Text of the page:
These games mainly focus on a player having a very simple and repeating action that they must perform many hundreds of times. With enough practice, these mechanics can be mastered by dextrous players and so the highest score is a fair representation of dexterity and skill. For these games to be fun the game must usually speed up, taking a mechanic that might be easy to slowly, but when pressurised by a time becomes more and more likely you will make a mistake.
You still need a clear hard limit to success usually a single life or single mistake ends the round and you start from the beginning. Timberman by Digital Melody is a great example of taking a player’s full attention, timing and dexterity to create a challenging points based challenge. When designing these sort of games you must make sure the controls and input sensitivity is the highest priority. There can be no lag and no grey areas, a players action will directly affect the character immediately. A player will be inputting many hundreds of taps per round, each tap must be accurate for it to be fun, any inaccuracies or lag are multiplied by the number of times you input it.
Rising / Falling Mechanics:
Rising and falling mechanics provide interesting journeys for their players. The constant progression of the level leads to the feeling of progression without a change in the mechanic or goal. To keep people entertained the level itself must develop. Rise Up by Serkan Özyılmaz and Helix Jump by Voodoo show how progression develops as you traverse up or down the game.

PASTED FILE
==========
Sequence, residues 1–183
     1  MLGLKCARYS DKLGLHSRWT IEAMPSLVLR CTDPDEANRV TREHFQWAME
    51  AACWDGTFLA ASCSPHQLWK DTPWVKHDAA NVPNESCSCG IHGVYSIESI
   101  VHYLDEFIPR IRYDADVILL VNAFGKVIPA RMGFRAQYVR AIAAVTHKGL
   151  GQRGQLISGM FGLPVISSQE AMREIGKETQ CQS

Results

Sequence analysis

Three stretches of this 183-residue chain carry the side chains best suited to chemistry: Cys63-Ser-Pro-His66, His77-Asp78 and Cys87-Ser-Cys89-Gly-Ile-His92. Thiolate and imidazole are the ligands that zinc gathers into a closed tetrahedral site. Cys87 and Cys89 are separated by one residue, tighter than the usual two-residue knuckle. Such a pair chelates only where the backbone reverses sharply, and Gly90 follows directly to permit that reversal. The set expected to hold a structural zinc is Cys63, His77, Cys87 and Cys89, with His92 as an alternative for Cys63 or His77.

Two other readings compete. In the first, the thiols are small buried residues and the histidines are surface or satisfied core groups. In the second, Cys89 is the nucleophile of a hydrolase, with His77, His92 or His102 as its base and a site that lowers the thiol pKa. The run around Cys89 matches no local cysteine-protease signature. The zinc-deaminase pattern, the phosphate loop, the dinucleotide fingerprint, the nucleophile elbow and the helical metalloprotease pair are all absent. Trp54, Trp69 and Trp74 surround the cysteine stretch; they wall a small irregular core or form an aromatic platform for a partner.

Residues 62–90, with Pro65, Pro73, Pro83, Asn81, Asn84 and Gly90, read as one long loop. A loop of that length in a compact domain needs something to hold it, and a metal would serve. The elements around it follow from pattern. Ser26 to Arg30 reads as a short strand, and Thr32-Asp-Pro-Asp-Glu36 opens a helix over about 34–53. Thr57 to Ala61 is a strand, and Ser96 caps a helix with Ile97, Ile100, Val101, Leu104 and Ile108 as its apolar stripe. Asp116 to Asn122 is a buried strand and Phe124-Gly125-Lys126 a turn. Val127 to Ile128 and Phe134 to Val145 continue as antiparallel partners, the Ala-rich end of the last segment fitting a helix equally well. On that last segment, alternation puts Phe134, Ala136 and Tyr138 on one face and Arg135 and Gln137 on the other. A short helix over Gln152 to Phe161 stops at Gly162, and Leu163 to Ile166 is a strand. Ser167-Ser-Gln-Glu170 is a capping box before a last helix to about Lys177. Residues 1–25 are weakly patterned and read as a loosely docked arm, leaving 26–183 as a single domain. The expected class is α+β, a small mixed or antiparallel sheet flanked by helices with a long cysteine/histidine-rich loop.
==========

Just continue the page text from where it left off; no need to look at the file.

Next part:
The player’s focus is on dealing with the next challenge along the progression and less about accuracy. There are many ways to win these levels, a little luck is often needed over timing or skill. Your only goal is to protect an object from a single point of failure.
The journey develops pressurising environments and the players end up creating lots of self-inflicted problems. Small issues early on can cause much harder moves later. Good design here focus’ on players have 1 or possibly 2 problems to deal with at a time, but the nature of the problem changes as you rise or fall through the gameplay. Try to think in stages and work on each stage being fun on it’s own, adding them together creates the dynamic journey.
The final arcade based hypercasual mechanic is the swerve mechanic. These games focus on using the drag of a finger to avoid obstacles. Most of the time they are avoidance based mechanics in a similar vein to rising and falling, but they also focus more on dexterity than timing. Swerve games maximise the touch screen controls and are hard to recreate on other devices. This gives them an original feeling and a cool use of touch inputs.
What’s important here is that the game focus’ on a player accuracy of input from dragging and sweeping a finger, rather than timing a tap. The size of the object, the speed of the object has a big effect on what people are able to do with their fingers.
In the same way, as dextrous games focus on removing inaccuracies, swerve games need to focus on the input feel of your finger. Players will play for longer if the game feels fun and the near misses feel, super near. Work on making the game reward players for near misses and replay their errors to show just how close they were to almost avoiding death to make the game more fun.
Merging mechanics are very easy for players to understand. Similar things combine, different things don’t. The game then becomes very easy for people to get right and with each subsequent merge, a new piece of understanding and a strong sense of progression is conveyed to players. Complexity and challenge in this game usually come in the form of a metagame, something that non-casual games rely on, but for the casual audience, the metagame can be divisive, making the game too complex and turning people away from playing.